Lee Roy Tripp, 91, of Niles, Michigan Passed away, Sunday July 5, 2020 at his home.
Leroy Tripp was born on April 28, 1929, in Aulander, North Carolina. He was one of eight children, though his parents lost their first and last child, leaving six who survived to adulthood. His father, Jesse, was a Southern sharecropper, raising peanuts, cotton, and tobacco. His mother, Lanie Belle Lee, was a prayerful woman who, in her youth, had hoped to be a Baptist missionary, but the death of her father closed that opportunity. By the time Lee was 12 or 13, his mother’s influence had created in him a desire to be a Baptist minister.
Lee and his siblings often missed large blocks of school during the spring when it was planting time and in the fall when it was harvest time. But Lee loved studying, and he begged his father to let him complete high school. He was able to graduate in 1948 with his class at Rich Square High School, where he was voted “Most Likely to Succeed.” He explained, “I was convinced that the Lord wanted me to go into the ministry, and I knew I had to get an education.”
To earn his way through college Lee took a job with the U.S. government on a ship, working for the U.S. Coast and Geodetic Survey. While working off the coast of New Jersey, he took a Voice of Prophecy Bible course. By the time he finished the course he was not satisfied to remain a Baptist, yet not ready to become an Adventist. At Lee’s request the Voice of Prophecy put him in touch with Washington Missionary College, now Washington Adventist University, in Takoma Park, Maryland. He planned to attend for one year to make up his mind about Adventists, so he ended up a theology major when he didn’t even know if he wanted to be a church member!
During that year Lee was impressed with the way the teachers opened classes with prayer, and his adviser, T. H. Jemison, took time to carefully answer his many questions. In February of that school year, George Vandeman came to the Sligo Seventh-day Adventist Church to conduct a series of evangelistic meetings. Lee gave his heart to the Lord and was on his way to becoming an Adventist minister.
It was about this time that Ellen Bohmer came to Washington Missionary College to visit a friend. Lee and Ellen had met earlier at her church, the Pleasantville SDA Church near Atlantic City, New Jersey, when Lee had looked for an Adventist church to attend while working off the New Jersey coast. They had a visit together at college, and Lee started writing to Ellen. Their love for each other grew, and they were married on August 16, 1953.
After Lee finished his B.A. degree, he earned his M.A. at the SDA Theological Seminary in 1957 and began his ministry in the Ohio Conference. Then he was called to join the New Jersey Conference, pastoring the Mount Holly, and Burlington, Rockaway, Woodbury, Plainfield, and New Brunswick SDA Churches. It was during his time at Rockaway that he and Ellen befriended Loisanne Starszewski’s family, and at Woodbury Lee gave Bible studies to Ed and Marge Kean and their boys and baptized them.
Next Lee got a call to pastor in California, where he pastored at the Mountain View, Campbell, and Sonora churches. The Campbell church, in the Silicon Valley, was in the middle of a building program, and he had the privilege of inspiring the completion of the church and dedicating it.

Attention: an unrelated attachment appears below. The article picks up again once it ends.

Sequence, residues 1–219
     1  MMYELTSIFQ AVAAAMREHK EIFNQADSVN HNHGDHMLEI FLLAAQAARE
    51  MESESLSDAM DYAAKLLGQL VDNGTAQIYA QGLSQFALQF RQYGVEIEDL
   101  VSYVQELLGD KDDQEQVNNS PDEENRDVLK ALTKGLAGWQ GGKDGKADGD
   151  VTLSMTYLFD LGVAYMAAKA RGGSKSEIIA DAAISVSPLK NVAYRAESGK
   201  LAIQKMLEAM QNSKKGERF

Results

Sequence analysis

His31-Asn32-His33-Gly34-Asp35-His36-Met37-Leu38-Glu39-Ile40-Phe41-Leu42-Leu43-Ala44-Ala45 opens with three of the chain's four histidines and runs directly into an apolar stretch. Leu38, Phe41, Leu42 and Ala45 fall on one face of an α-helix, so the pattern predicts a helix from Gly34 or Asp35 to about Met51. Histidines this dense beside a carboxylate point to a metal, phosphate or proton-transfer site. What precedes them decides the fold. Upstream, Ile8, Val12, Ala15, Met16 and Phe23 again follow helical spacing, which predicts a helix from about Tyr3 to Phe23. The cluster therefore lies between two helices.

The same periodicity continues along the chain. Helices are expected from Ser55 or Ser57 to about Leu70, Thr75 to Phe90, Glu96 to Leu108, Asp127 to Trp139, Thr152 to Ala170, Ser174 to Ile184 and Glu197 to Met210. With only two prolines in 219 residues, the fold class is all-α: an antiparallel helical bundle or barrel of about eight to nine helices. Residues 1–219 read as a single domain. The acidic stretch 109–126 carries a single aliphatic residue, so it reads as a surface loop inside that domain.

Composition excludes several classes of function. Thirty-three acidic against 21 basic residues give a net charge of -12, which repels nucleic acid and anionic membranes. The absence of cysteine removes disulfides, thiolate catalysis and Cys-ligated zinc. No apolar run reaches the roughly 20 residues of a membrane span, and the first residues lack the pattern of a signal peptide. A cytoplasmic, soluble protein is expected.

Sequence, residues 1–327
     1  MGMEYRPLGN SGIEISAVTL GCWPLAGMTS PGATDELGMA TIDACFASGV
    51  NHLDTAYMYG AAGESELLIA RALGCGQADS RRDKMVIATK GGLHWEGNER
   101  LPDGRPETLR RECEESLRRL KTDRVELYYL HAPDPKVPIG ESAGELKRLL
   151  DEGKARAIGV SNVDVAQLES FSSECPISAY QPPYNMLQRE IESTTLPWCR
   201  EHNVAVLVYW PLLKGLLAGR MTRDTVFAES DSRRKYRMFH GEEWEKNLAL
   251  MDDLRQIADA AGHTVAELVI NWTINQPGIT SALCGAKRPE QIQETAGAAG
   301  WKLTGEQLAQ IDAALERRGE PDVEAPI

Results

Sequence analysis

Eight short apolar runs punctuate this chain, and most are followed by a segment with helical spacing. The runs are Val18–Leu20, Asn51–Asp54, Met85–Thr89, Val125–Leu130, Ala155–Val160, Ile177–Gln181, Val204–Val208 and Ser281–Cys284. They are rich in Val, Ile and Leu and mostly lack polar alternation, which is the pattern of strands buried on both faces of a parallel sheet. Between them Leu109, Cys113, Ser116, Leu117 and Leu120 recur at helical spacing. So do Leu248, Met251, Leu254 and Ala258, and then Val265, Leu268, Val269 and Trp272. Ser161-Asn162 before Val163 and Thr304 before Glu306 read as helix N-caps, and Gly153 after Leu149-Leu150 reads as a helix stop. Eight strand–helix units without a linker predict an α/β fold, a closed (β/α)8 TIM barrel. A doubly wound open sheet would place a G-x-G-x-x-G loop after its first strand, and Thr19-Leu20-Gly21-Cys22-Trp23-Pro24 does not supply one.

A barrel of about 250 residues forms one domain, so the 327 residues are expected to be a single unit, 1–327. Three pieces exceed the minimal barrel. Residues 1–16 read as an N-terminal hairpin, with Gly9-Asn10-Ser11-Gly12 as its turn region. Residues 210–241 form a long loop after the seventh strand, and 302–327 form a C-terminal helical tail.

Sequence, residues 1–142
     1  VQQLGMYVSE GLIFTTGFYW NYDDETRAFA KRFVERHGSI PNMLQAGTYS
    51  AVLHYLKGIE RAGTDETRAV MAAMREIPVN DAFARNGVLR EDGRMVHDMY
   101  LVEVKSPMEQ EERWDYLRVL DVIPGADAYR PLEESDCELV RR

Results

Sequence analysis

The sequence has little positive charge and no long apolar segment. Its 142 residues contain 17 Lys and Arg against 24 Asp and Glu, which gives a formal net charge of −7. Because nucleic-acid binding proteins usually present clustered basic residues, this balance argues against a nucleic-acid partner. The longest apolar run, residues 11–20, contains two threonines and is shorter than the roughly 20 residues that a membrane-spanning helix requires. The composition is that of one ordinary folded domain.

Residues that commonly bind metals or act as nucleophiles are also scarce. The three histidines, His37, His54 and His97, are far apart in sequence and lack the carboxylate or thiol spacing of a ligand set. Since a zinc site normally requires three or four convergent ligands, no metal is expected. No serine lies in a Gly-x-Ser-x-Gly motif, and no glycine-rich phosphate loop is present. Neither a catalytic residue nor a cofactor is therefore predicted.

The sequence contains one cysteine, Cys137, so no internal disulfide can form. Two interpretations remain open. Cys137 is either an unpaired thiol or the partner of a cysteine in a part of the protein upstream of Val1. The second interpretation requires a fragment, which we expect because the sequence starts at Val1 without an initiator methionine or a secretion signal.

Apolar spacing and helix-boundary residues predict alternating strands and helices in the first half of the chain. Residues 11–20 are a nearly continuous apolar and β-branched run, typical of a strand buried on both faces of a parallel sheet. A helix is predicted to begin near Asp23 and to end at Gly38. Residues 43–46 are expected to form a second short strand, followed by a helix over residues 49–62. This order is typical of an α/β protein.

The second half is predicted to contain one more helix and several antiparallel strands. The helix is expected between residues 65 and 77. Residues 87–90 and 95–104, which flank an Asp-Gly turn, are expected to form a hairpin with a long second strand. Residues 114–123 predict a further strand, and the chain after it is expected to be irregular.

Lee retired on June 29, 1991, at the age of 62, and the Sonora newspaper, the Union Democrat, noted, “Tripp’s career spans 36 years, three states, and 16 churches. Given his dedication to serving God and humanity, his wife and members of the congregation expect Tripp to stay involved in some sort of pastoral duties when he returns from his travels.” They quoted Ellen saying, “I don’t think he’ll ever stop being a minister. It’s a humanitarian, lifelong commitment to God and to people. You can’t just end and put a period after that type of commitment.”
Lee and Ellen bought an RV from church members and traveled around the U.S. and Canada, especially enjoying time with their daughters, Teri and Lori, and their families. They held and played with their three grandchildren, Samuel Pollard, Julie Pollard, and Reef Peckham, leaving them with precious memories of time with Grandpa and Grandma. Lee never tired of pushing the children in the swing, reading to them, and teaching them to ride a bike and drive a car. He inspired all of them with his love of nature, travel, and reading.
When his grandson, Reef, interviewed him several years ago, he asked: “What has brought you the most joy in life?” Lee answered, “I’ve always loved traveling, seeing new places, and until I left home, I’d never been further than 100 miles from home. And I’ve had the chance to travel to Europe, the Holy Land twice, and that has been a joy. And of course my two daughters and grandchildren have brought a lot of joy into my life. And some precious friends we’ve made through the years in the different churches we’ve pastored have brought a lot of joy and satisfaction.”
Lee and Ellen left California in the summer of 2011 when Ellen’s health was failing. They moved to Maryland to be near Lori. Ellen’s health continued to fail, and Lee was always by her side caring for her with tenderness and patience.
After Ellen’s death in 2013, Margie Kean of Niles, Michigan, reached out to encourage Lee and ask him to pray for the people she was giving Bible studies to. She and Lee wrote letters and then began to talk on the phone. Soon they were having long conversations every day, sharing their mutual love for the Lord and for evangelism. They married in October of 2014 at the Pioneer Memorial Church. Margie’s son, Pastor Frank Kean, performed the wedding, and Loisanne created decorations for the service.